This month’s Tableau Magazine features an article by a MAPH alumna about another MAPH alumna! Emily Riemer ’09 has written a profile about Justine Nagan ’04 that discusses her work as a documentary filmmaker, focusing on her 2009 documentary Typeface, a project that involved even more MAPHers: she collaborated with Starr Marcello, Tom Bailey, and Brendan Kredell, all ’04.
Published this month by Random House/Delacorte, Anna Jarzab’s “All Unquiet Things” was once a MAPH Thesis:
Winner of a First Novel Contest from Chiasmus Press, Kate Zambreno’s “O Fallen Angel” will be published in March:
Jarzab (MAPH 07) and Zambreno (MAPH 02) will be here May 13 to read their work.
Both novels reached bookstores this year to the fanfare of blushing reviews, and on Thursday their authors will return to the University of Chicago–where both earned master’s degrees–to read.
Anna Jarzab (’07) and Kate Zambreno (’02) will read at 4:30 p.m. in Classics 10, 1010 E. 59th Street, hosted by the Master of Arts Program in the Humanities, which some consider an alternative approach to creative writing. The reading is free and open to the public.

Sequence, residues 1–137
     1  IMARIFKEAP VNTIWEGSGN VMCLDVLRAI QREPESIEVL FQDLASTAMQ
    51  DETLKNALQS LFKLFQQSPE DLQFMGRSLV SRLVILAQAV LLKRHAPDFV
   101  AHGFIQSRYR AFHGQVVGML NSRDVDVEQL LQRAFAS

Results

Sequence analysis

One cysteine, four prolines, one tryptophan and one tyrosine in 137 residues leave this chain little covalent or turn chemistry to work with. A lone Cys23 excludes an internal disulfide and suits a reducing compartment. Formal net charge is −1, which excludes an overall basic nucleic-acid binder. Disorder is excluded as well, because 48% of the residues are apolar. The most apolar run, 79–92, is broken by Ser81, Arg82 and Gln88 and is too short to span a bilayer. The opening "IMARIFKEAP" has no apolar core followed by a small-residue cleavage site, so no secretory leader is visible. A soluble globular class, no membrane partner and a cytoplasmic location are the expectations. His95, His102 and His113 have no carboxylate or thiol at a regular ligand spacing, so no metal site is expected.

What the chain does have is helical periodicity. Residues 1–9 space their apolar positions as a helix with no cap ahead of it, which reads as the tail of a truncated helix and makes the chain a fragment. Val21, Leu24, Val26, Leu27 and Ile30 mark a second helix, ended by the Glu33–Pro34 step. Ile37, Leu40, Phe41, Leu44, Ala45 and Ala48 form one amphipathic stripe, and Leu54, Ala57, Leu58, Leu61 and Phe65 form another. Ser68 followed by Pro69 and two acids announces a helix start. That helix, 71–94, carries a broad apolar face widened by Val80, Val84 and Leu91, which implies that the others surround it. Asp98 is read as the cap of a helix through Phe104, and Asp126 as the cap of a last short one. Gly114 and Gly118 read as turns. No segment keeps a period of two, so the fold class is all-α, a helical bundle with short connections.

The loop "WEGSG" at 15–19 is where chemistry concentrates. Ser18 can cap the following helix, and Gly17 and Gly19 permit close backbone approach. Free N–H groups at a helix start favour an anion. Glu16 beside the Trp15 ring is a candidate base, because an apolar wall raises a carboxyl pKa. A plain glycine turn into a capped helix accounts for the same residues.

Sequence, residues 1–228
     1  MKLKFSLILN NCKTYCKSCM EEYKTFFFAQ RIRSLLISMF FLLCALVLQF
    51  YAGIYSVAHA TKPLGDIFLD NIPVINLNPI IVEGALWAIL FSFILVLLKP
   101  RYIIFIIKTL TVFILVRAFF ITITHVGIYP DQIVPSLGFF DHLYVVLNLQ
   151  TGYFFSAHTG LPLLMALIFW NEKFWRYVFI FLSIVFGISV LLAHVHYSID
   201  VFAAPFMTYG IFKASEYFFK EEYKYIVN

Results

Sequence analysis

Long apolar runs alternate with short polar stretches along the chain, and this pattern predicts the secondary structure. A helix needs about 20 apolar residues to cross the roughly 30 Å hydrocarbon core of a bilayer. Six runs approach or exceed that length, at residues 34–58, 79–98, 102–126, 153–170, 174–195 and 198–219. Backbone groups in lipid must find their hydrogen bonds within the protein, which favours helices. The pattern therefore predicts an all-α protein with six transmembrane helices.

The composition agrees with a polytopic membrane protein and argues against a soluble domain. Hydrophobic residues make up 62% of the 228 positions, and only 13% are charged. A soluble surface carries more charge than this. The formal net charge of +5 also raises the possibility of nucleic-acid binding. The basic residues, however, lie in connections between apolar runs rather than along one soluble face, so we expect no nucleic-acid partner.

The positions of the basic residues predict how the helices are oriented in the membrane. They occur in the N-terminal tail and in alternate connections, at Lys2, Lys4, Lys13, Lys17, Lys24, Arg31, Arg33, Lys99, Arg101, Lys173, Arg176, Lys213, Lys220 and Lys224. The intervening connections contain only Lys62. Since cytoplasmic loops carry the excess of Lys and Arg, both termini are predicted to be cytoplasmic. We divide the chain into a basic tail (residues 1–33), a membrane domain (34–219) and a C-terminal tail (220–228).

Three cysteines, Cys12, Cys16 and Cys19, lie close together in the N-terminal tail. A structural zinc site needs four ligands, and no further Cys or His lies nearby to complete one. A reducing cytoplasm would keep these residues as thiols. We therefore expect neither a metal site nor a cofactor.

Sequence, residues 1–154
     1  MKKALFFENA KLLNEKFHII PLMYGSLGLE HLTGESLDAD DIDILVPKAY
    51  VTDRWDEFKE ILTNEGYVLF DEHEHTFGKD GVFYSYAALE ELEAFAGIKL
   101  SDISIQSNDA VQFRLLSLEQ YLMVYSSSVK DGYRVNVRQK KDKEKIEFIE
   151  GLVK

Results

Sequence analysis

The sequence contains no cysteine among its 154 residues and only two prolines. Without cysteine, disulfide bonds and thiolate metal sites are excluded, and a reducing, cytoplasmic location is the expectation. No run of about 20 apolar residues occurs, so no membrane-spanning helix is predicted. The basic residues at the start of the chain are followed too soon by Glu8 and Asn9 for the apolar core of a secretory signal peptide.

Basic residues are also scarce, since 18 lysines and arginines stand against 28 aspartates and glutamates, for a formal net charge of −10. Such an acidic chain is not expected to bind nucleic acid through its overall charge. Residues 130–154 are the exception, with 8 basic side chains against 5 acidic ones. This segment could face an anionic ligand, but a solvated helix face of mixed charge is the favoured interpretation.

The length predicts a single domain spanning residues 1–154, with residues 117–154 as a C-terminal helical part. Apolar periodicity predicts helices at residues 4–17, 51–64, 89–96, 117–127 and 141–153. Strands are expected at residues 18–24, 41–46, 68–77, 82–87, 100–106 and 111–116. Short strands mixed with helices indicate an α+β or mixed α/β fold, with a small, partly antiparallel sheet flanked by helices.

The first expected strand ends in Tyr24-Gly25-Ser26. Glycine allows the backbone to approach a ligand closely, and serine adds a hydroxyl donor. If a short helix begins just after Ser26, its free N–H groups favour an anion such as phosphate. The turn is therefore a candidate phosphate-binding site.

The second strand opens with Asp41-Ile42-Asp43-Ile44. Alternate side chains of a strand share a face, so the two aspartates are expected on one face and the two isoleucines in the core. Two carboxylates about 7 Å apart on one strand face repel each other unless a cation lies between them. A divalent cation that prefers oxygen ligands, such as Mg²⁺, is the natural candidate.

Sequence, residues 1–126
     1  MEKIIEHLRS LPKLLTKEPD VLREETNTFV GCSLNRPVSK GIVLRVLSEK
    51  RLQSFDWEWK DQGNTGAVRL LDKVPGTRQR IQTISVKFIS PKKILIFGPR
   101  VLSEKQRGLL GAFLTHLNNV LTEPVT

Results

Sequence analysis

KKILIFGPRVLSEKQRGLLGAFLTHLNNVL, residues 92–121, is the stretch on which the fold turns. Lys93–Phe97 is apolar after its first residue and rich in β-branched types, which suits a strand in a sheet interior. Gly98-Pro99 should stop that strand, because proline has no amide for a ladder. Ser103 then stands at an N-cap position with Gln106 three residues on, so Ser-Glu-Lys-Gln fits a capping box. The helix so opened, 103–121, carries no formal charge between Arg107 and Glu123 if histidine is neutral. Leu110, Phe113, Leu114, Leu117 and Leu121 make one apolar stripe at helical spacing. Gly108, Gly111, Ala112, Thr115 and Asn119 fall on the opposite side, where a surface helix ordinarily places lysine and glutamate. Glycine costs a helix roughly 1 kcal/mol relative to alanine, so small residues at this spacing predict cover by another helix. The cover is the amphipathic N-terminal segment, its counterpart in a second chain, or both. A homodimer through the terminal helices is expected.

The novels, both dark and psychologically complex, are very different.
Jarzab (pronounced as a spoonerism of Czar Jab) developed All Unquiet Things as her MAPH Thesis project under the program’s creative thesis option. The book, which came out this January, is a young adult mystery novel about an unlikely pair of California prep school students that team up to solve a friend’s murder.
Publisher’s Weekly said Jarzab’s “confident, literary prose makes for a tense and immersive thriller.”
Zambreno’s novel, O Fallen Angel, was born into print last month after it won Chiasmus Press’s “Undoing the Novel Contest.” Chiasmus describes it as “an anarchic literary sacrilege…an exorcism of the culture wars and pop-cultural debris.” Zambreno calls it a “triptych of modern-day America” and a “grotesque homage to Mrs. Dalloway.”
Writing in the Chicago Reader, S.L. Wisenberg said, “I found myself mesmerized, mostly by the rhythm and occasional whimsy of the prose. Zambreno breathes life into her characters with language alone.”